Sucralfate, sold under various brand names, is a medication used to treat stomach ulcers, gastroesophageal reflux disease (GERD), radiation proctitis, and stomach inflammation and to prevent stress ulcers.[2][3][4] Its usefulness in people infected by H. pylori is limited.[2] It is used by mouth (for upper GIT ulcers) and rectally (for radiation proctitis).[2][4]

Sucralfate
Sucralfate.png
Clinical data
Trade namesCarafate
AHFS/Drugs.comMonograph
MedlinePlusa681049
License data
Routes of
administration
By mouth, rectal
ATC code
Legal status
Legal status
  • US: ℞-only
  • In general: ℞ (Prescription only)
Pharmacokinetic data
Bioavailability3-5% (local acting)
MetabolismGI; liver: unknown
Elimination half-lifeunknown
ExcretionFeces, urine
Identifiers
  • Hexadeca-μ-hydroxytetracosahydroxy[μ8-[1,3,4,6-tetra-O-sulfo-β-Dfructofuranosyl-α-D-glucopyranoside tetrakis(hydrogen sulfato)8-)]]hexadecaaluminum[1]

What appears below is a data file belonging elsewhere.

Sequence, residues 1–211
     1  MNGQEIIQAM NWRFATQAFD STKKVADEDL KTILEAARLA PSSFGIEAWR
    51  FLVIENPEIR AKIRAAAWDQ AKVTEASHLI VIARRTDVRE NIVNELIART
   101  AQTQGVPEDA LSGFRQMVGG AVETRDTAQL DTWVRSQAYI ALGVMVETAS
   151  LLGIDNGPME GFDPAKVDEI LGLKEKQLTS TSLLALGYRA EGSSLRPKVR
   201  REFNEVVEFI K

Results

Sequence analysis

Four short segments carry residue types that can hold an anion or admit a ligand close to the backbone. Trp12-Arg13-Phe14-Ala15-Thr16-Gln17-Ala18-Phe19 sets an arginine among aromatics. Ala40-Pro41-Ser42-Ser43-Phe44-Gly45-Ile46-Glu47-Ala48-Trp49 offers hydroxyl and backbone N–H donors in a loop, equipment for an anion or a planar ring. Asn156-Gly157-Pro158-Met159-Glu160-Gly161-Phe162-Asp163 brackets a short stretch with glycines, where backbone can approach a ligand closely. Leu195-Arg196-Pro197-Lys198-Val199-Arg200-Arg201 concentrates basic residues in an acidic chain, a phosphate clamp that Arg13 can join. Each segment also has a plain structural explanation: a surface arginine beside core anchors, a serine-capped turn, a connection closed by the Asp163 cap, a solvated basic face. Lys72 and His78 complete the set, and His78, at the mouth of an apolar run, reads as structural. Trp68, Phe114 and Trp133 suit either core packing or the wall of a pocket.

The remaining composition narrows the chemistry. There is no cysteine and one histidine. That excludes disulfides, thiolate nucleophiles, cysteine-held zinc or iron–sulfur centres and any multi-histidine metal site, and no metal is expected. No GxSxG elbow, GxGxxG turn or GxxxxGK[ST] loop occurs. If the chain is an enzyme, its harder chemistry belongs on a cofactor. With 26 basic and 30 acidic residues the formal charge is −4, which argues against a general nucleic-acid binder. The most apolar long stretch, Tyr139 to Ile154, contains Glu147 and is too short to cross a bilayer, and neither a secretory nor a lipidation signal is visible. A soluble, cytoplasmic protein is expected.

CAS Number
PubChem CID
DrugBank
ChemSpider
UNII
ChEMBL
CompTox Dashboard (EPA)
ECHA InfoCard100.053.636 Edit this at Wikidata
Chemical and physical data
FormulaC12H54Al16O75S8
Molar mass2086.67 g·mol−1
 ☒NcheckY (what is this?)  (verify)

Common side effects include constipation.[2] Serious side effects may include bezoar formation and encephalopathy.[5] Use appears to be safe in pregnancy and breastfeeding.[5] How it works is unclear but is believed to involve binding to the ulcer and protecting it from further damage.[2][5]

Sucralfate was approved for medical use in the United States in 1981.[2] It is available as a generic medication.[5] In 2020, it was the 182nd most commonly prescribed medication in the United States, with more than 2 million prescriptions.[6][7]

Medical usesEdit

Sucralfate is used for the treatment of active duodenal ulcers not related to the use of nonsteroidal anti-inflammatory drugs (NSAIDs), as the mechanism behind these ulcers is due to acid oversecretion.[8] It is not FDA approved for gastric ulcers, but is widely used because of evidence of efficacy.[9] The use for sucralfate in peptic ulcer disease has diminished recently, but it is still the preferred agent for stress ulcer prevention.[10][11][12][13]